Filmmaker Simon Chambers was living in New Delhi and planning to shoot a documentary about traffic congestion in India when his 85-year-old Uncle David called him to say that he thinks he may be dying. But when Simon returned to London, he found David not on the brink of death but rather starved for attention. A former thespian with the flair for the dramatic, David insisted Simon bring his camera with him whenever he visited his house to check up on him. The camera’s presence clearly boosts David’s spirits because it allows him to “perform” for someone once again, even if that mostly amounts to singing bits of old songs or quoting passages from “King Lear.”

“Much Ado About Dying” follows Simon as he struggles to care for his aging uncle in his final years, a difficult feat under any circumstances but made even more challenging by David Newlyn Gale’s cheeky stubbornness. Much of Chambers’ third documentary film (“Every Good Marriage Begins with Tears” and “Cowboys in India”) features Simon patiently dealing with David as he learns more and more about the complicated state of his life. To put it politely, David is a hoarder, and thus his house is filled with basically every possession he’s ever owned, not to mention duplicates of the same objects. (The film’s funniest scene follows Simon as he buys four wall clocks for his uncle.) He subsists on cans of soup, he has a rodent problem that he combats by squirting peppermint toothpaste near all the outlets, and the multiple space heaters in his home leave scorch marks everywhere.

Chambers’ film has a sympathetic, universal foundation, i.e., it sucks to get old and caring for infirm family members clinging to their independence will test anyone’s limits. But while “Much Ado About Dying” strives to be a tribute to caretakers and Chambers’ dearly departed uncle, its baggy structure, dictated by David’s declining health, renders the film frustratingly inert. Much misfortune befalls David—a devastating fire, multiple hospital visits, fatal diagnoses—but they’re not provided much shape by Chambers’ camera or the editing. The film coasts on the intimacy between filmmaker and subject, and while that relationship can provide insight, it sometimes feels like that’s all “Much Ado About Dying” has to offer.

The film also gingerly examines Simon and David’s shared queer identity. David came out of the closet much later in life; meanwhile, Simon came out as a young men but, by his own admission, briefly returned to the closet later in life. Unlike David, who claims he can’t imagine sharing a bed with someone, Simon has had fulfilling relationships, though they’ve never lasted. (“I think I was just much better at friendships,” Simon muses in voiceover.) “Much Ado About Dying” draws the comparison between Simon and David, implying that Simon’s persistent care for his uncle, despite the constant aggravation, comes from a fear that he will end up in the same position one day. 

However, Chambers keeps that potent thread within the film’s margins and chooses to focus squarely on the daily reality of David’s present condition. It’s an understandable decision, but at the same time, it deprives the film of some weightiness that would support the depiction of impending mortality. One could argue that “Much Ado About Dying” takes a casual or subtle approach with Simon and David’s identity, but it seems needlessly coy given that David’s loneliness, and his attempts to fill it, remains a major, underexplored element of the film. At one point, Simon discovers that a young, heterosexual man has defrauded his uncle of £25,000 by taking advantage of his attraction to him. David’s relationship with his kind neighbors also takes a disquieting turn when they suddenly move in to his already cramped house with their multiple dogs.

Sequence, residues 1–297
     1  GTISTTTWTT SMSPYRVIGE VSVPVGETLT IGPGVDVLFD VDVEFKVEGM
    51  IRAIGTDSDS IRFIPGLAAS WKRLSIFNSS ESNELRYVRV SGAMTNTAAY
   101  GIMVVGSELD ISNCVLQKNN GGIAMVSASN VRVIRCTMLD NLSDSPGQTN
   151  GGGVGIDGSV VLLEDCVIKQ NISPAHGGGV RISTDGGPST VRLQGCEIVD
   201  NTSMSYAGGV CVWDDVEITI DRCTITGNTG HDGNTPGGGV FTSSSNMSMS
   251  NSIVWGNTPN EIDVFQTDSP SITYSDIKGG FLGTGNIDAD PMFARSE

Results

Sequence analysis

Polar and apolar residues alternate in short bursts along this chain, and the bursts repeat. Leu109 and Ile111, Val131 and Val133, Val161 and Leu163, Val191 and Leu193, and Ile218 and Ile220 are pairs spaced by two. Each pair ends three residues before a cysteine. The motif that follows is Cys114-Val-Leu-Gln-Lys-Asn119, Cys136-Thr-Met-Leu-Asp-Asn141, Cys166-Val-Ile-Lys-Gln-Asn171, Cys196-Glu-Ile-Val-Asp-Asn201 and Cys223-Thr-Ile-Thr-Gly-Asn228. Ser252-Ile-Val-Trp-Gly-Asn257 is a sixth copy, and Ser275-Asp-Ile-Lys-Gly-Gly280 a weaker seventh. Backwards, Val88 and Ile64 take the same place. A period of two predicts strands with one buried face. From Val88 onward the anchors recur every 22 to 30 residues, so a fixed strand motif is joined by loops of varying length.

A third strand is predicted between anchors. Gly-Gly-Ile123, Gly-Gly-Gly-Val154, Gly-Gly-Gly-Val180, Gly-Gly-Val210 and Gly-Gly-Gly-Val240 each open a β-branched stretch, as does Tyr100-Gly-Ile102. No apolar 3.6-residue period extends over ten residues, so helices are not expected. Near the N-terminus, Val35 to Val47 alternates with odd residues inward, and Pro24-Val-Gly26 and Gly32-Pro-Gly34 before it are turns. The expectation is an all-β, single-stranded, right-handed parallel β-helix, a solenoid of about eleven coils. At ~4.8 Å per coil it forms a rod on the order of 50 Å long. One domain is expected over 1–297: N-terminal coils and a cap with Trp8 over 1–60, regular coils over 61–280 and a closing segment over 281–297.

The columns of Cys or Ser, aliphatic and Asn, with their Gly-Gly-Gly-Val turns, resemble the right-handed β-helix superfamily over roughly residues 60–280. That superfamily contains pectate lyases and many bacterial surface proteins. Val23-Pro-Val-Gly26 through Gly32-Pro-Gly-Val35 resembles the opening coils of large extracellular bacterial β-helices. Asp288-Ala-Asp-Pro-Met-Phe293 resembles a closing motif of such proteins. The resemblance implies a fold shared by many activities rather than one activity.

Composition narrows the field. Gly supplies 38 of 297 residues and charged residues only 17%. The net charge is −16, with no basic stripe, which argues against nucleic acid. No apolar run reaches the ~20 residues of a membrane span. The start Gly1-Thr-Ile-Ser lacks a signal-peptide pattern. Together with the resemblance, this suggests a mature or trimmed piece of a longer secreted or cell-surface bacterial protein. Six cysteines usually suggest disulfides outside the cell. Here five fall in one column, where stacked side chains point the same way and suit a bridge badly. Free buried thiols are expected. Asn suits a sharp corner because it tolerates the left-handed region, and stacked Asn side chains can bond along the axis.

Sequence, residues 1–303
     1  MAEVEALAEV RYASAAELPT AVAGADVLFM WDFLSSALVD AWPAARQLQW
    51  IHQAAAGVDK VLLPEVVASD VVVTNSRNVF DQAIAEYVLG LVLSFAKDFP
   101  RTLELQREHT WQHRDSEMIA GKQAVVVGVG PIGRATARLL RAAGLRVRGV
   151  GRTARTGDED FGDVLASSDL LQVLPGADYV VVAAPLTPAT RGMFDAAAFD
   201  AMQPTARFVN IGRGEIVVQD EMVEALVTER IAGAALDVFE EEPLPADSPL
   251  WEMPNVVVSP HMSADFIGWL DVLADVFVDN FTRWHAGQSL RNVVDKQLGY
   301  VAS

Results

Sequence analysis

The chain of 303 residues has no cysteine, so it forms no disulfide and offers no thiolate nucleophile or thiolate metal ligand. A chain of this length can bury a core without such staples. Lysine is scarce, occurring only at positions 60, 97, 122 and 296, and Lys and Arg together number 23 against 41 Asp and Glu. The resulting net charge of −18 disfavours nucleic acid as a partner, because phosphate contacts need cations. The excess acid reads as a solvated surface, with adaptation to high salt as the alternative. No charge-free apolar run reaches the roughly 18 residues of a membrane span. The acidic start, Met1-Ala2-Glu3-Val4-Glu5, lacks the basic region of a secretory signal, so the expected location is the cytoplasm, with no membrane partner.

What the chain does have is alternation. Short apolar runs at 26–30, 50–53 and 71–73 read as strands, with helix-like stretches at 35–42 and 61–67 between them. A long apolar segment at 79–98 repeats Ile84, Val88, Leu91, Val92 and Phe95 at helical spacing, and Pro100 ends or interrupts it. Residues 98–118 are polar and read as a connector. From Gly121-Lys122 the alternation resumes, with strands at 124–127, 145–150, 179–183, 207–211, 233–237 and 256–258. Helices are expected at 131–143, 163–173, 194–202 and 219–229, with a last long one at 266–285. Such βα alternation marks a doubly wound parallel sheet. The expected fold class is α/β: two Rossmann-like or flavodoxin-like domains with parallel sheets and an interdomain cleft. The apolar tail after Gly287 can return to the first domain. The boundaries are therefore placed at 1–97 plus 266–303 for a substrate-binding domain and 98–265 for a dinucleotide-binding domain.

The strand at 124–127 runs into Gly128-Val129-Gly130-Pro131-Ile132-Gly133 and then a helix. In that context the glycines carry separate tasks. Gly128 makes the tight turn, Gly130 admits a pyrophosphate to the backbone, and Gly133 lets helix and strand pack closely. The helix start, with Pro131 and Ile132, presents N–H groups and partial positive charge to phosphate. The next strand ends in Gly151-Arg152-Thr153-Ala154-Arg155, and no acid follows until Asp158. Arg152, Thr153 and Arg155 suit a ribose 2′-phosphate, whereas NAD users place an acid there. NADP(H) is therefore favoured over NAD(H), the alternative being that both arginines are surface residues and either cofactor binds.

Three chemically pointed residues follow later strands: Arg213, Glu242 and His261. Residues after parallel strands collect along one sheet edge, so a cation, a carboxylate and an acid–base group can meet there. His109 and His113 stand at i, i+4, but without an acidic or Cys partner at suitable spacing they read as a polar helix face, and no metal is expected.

These moment of exploitation mostly hang on “Much Ado About Dying” like ornaments rather than being properly integrated into the narrative. It’s possible that Chambers didn’t desire further complications during an already difficult time, and it’s obvious that he never set out to make the film in the first place so his role behind the camera was much more reactive. Thus, the film chocks these stories up to David’s poor decision-making, borne out of bottomless compassion, that Simon can’t or won’t prevent. (Similarly, the complexities of the British health care system, with which the film directly engages, also goes curiously unexamined.)

Only David himself makes this extended home movie as watchable as it is. A charming, playful man, the elderly actor’s spirit comes alive whenever he’s in frame. His limitless optimism and cheer in the face of constant setbacks genuinely inspires, and Chambers smartly contrasts his various, intractable eccentricities with how much his charm brings joy to others. David clearly uses his nephew as a last attempt to become something of a star, and whatever issues dog “Much Ado About Dying,” his performance lingers well after the film’s end.

Grade: C+

First Run Features will release “Much Ado About Dying” on Friday, March 15.

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